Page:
One size does not fit all when it comes to meal prep. If you see all of those Pinterest worthy posts of pre-prepped breakfast, lunch, and dinner boxes and it is totally overwhelming then don’t do it that way! There are lots of ways to approach this. If you even do one of the steps below, I promise it will simplify your life.
I personally think the meal planning is THE MOST important part. It is a huge stress reliever not to come home after work and only then start thinking about the age old question of “what’s for dinner?” or end up stopping for take out on the way home because I know we don’t have anything. If you only do one of the steps below, make it Step 1.
Having a chest freezer where I keep prepped freezer meals, frozen vegetables, back-up staples, etc is KEY.
My approach requires a love of leftovers and being okay with eating the same thing a few times a week.
Give yourself a lot of grace. I do all of the below when we have a fairly free weekend and it makes the next week 100% better. But, if I have a lot of work or we are traveling or life is very full, I just do what I can and leave it at that.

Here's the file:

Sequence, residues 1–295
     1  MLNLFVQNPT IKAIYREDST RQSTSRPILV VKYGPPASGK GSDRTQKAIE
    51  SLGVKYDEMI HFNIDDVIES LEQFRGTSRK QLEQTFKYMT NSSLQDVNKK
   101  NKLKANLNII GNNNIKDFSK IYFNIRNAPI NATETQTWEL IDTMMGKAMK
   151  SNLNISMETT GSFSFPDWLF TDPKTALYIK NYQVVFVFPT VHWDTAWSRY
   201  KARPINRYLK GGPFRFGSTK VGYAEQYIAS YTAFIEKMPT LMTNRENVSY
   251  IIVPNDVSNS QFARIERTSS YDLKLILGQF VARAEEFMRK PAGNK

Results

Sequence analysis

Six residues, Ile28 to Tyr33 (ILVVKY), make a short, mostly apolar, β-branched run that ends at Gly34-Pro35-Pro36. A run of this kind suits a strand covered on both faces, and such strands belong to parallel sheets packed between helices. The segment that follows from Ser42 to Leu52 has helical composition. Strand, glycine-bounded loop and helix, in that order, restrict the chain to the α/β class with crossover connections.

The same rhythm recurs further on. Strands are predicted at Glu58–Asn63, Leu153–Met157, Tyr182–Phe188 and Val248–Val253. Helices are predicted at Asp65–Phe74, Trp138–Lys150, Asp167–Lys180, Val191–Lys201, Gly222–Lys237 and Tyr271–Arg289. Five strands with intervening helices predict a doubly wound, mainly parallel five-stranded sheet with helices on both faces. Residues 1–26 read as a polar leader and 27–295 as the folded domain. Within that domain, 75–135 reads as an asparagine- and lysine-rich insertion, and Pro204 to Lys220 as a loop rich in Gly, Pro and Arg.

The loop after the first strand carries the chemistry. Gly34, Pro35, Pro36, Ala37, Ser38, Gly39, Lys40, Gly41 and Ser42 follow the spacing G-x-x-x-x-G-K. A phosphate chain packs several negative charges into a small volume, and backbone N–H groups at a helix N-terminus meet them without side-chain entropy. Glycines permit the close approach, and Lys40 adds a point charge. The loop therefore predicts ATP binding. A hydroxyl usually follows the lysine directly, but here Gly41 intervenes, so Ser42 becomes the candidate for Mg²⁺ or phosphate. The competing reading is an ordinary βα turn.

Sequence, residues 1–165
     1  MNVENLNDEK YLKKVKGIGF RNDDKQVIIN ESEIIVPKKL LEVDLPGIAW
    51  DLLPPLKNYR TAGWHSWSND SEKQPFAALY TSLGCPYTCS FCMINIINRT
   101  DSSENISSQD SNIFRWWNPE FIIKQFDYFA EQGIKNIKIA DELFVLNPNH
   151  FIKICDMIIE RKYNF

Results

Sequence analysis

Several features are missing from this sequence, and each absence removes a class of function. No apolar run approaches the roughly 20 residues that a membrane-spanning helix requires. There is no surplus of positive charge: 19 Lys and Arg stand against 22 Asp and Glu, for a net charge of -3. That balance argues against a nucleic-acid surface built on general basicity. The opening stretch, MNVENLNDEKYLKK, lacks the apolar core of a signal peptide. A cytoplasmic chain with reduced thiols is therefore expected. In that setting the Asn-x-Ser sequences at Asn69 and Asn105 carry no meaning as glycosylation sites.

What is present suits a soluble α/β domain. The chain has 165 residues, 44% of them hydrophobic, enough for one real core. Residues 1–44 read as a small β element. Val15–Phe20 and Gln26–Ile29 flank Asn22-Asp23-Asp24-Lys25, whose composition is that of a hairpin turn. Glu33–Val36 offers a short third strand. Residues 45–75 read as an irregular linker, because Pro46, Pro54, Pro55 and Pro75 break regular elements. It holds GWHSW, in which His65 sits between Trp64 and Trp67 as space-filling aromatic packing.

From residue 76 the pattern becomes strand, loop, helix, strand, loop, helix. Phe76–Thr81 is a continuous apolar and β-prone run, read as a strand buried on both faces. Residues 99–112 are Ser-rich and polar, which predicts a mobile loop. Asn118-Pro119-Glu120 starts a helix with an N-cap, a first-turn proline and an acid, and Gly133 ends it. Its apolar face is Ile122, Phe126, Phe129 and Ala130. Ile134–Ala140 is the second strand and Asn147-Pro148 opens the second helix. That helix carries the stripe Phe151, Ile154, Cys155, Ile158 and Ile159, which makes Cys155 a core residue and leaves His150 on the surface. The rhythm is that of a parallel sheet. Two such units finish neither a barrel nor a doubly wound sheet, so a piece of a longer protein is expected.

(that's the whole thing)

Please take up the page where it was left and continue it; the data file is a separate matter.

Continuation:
This week I focused on simplifying nutrition. We already eat pretty healthy around here, thanks to some changes over the last couple of years, but I have found this area to be one that requires continual attention and tweaking in order to stay on track.
Last year I really focused on meal planning and prepping, which was a total game changer in improving my ability to eat healthy lunches and dinners and seriously minimized work day stress. It sounds like it could complicatethings, but it actually makes everything much simpler. If you ever want to talk meal prep- I’m your girl! I’m a meal prep evangelist. 😉
This year I’ll be doubling down on lessons learned last year- notably the importance of meal prepping and decreasing sugar- but will be adding: